The ideas that he presents in his manifesto are not exclusive to him. They are, in fact, common in our society at large. That means that if you aren’t dealing with them when he brings them up, you are going to end up dealing with them when someone else brings them up. You can’t actually expect to have a workplace that has diversity of ideas if you marginalize people with these concerns, or fire them when they express them. They absolutely need to be addressed, and where appropriate, rectified.

Otherwise, you end up looking like this to a large portion of the population:

Google individual.jpg

I’m not saying this cartoon is accurate. I have no idea what it’s actually like at Google. But I can say, for certain, that this is what it looks like to a lot of people who are outside of Google looking in.

(Sorry, I have no idea who created that cartoon. I found it floating around the internet unsourced)

Another thing that needs to be addressed, is this. Again, directly from his “manifesto”:

Alienating Conservatives.JPG

Yes, conservative people do often feel like they need to stay in the closet in largely liberal groups. Look, I know that liberal people think that they are open-minded and non-judgemental – I used to think the same way. That is in direct conflict with the experience of many conservatives. This is part of why we are experiencing the division in our country that we are; people of a conservative viewpoint did not feel like their viewpoint was being addressed in the news, media, or entertainment of our culture at large. So they made their own. I’ll let you all deduce the consequences of that.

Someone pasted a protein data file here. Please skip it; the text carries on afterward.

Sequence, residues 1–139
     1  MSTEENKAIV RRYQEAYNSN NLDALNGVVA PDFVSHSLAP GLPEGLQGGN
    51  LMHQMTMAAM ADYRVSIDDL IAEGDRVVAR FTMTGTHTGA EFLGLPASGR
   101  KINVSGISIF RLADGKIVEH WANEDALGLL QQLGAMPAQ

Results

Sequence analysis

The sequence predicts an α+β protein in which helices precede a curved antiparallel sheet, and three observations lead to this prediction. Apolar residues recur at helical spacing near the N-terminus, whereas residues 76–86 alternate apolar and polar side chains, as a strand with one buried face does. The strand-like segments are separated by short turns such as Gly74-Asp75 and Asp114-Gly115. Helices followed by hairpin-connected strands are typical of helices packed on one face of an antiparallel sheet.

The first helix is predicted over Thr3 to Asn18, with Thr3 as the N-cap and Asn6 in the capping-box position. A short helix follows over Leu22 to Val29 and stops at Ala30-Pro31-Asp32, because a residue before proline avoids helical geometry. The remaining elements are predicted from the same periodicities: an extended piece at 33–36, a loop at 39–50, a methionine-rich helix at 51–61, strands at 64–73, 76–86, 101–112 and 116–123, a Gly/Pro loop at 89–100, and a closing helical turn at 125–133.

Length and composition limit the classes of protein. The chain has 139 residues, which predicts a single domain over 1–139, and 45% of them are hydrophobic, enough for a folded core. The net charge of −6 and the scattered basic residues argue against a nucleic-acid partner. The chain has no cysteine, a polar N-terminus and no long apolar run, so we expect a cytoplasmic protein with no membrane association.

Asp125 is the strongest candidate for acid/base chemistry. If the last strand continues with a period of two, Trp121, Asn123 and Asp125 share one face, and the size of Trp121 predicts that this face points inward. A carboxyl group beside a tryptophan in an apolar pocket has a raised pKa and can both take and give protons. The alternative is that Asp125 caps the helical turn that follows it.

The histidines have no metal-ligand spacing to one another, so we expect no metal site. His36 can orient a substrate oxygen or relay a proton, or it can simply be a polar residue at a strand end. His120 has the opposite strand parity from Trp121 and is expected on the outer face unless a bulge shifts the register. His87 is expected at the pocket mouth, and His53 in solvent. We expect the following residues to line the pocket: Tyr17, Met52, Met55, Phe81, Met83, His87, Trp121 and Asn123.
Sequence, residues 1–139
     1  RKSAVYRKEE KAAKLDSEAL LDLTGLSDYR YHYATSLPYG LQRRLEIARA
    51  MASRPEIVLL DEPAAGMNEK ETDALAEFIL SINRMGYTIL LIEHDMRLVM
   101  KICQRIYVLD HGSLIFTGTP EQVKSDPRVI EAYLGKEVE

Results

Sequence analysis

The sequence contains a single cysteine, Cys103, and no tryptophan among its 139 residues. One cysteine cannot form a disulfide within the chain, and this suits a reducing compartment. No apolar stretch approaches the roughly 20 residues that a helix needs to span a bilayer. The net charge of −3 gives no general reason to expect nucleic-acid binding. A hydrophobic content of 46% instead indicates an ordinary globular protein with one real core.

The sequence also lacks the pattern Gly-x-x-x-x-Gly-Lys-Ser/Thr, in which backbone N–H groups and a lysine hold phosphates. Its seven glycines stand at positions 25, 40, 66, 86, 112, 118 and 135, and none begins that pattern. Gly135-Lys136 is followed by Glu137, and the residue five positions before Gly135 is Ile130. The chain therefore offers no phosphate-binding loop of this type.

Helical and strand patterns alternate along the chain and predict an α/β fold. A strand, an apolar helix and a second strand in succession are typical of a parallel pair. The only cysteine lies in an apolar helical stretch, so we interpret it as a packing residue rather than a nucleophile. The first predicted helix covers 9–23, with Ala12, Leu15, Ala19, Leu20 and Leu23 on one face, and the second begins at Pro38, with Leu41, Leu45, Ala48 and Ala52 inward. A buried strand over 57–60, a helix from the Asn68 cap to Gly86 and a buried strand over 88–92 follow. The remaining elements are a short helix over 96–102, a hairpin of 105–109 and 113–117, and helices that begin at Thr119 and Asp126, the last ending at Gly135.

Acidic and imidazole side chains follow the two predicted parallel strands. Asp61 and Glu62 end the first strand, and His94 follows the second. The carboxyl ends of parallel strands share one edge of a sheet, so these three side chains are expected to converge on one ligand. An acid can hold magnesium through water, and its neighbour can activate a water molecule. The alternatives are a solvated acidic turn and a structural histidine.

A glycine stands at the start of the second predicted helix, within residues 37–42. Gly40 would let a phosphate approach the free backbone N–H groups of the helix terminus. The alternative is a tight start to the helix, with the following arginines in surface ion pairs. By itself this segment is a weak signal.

Obviously, if you’re going to empower those with different ideologies to be able to express themselves, you need to do it in a context where people aren’t purposely making each other angry, where they are being civil, and where they are being respectful. So essentially the opposite of what is going on in our popular society at large. Maybe you haven’t experienced that kind of environment, but it is certainly possible to do.

Most importantly, if you are in regular communication with your staff about their needs and can address this stuff as it comes up you can offer coaching and perspective that makes a difference. Lots of what this former Google manager said absolutely does need to be communicated to our manifesto writer. Things like this:

If you’re a professional, especially one working on systems that can use terms like “planet-scale” and “carrier-class” without the slightest exaggeration, then you’ll quickly find that the large bulk of your job is about coordinating and cooperating with other groups. It’s about making sure you’re all building one system, instead of twenty different ones; about making sure that dependencies and risks are managed, about designing the right modularity boundaries that make it easy to continue to innovate in the future, about preemptively managing the sorts of dangers that teams like SRE, Security, Privacy, and Abuse are the experts in catching before they turn your project into rubble.